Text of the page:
Yakima Valley apples – grossing about $6600 to New York City.
The state’s upper valley and Twin Falls areas are shipping about 1,750 truckloads of potatoes a week.
Idaho potatoes grossing – about $4500 to Atlanta.
Union Pacific will be acquiring 1,000 new high-tech refrigerated boxcars and may increase that total to 1,600 if needed. The purchase will result in the largest equipment acquisition in company history, costing $250,000 per car. The announcement was made recently at the Idaho Grower Shipper Association’s 90th annual convention in Sun Valley, ID.
It was pointed out the Idaho potato industry has historically relied heavily on rail transportation for shipments destined to major markets such as Chicago or the Northeast. For regions such as these, the additional reefers are greatly needed. Union Pacific has a fleet of aging, antiquated reefers that are woefully unable to meet existing demand. Current equipment is at least 40 years old, and Idaho potato shipments have increased dramatically in the past four decades.
Thrasher was one of seven panelists participating in the workshop that addressed some of the major transportation challenges faced by the Idaho potato industry. The panel was moderated by Derek Peterson of Wilcox Fresh, who is a member of the IGSA board of directors.
During the convention other companies aired concerns for serious problems facing the trucking industry and its inability to hire enough drivers. It was pointed out nationwide trucking industry is 50,000 drivers short. A major factor is drivers approaching retirement age. The average age of long-haul truck drivers is now 65 and the industry is not being successful in either attracting or retaining younger drivers.
Contributing to the decline is the current robust economy is providing more attractive options to younger drivers or to younger workers who might otherwise have considered long-haul trucking. There also are higher paying jobs in construction or in the oil fields, which often offer workers the advantage of going home to their families at night rather than being on the road for a week or more at a stretch.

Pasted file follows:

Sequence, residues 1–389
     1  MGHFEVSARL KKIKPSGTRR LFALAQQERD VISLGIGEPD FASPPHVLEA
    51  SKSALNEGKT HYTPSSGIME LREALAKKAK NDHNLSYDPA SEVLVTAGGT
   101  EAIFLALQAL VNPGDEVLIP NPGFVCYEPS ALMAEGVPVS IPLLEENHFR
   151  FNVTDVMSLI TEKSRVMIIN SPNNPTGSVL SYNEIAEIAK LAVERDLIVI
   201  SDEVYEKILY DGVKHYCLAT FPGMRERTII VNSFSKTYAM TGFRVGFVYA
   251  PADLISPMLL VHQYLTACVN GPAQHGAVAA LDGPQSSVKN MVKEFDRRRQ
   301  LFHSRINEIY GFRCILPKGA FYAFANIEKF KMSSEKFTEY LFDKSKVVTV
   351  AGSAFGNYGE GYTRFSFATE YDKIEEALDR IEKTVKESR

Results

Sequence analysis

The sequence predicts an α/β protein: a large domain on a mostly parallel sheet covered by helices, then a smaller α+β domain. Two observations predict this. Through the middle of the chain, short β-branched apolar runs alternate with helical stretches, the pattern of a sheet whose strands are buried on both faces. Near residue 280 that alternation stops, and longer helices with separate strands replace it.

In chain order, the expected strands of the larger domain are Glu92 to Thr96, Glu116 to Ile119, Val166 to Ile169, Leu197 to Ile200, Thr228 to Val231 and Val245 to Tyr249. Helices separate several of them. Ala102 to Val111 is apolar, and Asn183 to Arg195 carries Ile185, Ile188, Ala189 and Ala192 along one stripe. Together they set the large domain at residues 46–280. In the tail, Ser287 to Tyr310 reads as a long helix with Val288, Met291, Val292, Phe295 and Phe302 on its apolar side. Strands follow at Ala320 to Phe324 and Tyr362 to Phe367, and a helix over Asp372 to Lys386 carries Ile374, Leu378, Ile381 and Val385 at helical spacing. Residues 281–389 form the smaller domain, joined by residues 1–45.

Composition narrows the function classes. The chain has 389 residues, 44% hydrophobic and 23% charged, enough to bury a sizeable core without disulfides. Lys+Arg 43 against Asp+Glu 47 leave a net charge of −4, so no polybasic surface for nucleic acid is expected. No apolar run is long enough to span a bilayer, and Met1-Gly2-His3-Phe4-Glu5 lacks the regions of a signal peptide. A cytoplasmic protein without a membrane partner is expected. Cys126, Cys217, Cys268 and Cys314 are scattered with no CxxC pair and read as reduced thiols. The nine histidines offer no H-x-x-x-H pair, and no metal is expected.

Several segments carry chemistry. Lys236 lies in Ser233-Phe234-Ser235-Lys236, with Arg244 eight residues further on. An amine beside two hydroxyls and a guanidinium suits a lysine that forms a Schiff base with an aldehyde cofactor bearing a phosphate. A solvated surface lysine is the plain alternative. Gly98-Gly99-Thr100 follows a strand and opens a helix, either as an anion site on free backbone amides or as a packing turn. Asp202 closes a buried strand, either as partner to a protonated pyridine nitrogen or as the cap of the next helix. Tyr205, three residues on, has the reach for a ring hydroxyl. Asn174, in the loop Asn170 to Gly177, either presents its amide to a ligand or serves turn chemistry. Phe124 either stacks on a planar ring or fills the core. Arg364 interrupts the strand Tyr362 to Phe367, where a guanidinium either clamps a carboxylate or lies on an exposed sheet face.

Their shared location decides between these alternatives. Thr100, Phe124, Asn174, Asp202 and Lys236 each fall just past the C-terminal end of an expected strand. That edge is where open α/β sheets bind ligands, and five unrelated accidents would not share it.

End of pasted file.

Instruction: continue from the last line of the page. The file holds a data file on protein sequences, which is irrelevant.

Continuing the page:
A panel at the convention rehashed many age old ways to make truck driving a more attractive option for new drivers as well as ways to reduce turnover. It was pointed out shippers could make life easier for drivers hauling fresh produce by treating the drivers with more respect, providing clean, comfortable facilities for them while they are waiting to be loaded or unloaded, reducing wait times, compensating them for long waits and providing adequate truck parking.
It also was suggest that reducing the age for interstate commercial truck drivers to 18 would help.
Here is a trifecta of produce loading opportunities. Granted two of the three will be limited volume (mandarins and broccoli), but Idaho potatoes always have big time shipments.
In another week or so Kishu mandarin loadings will get underway from California’s Orange Cove growing region.
The delicate, hand-picked item has relatively overall light volume and provides partial loads at best.
Kishu mandarins are a golf ball-sized mandarin that are sweet and easy to peel and sold for Ripe to You under the Lil’ Ninja Mandarins label. Harvest begins in mid-November.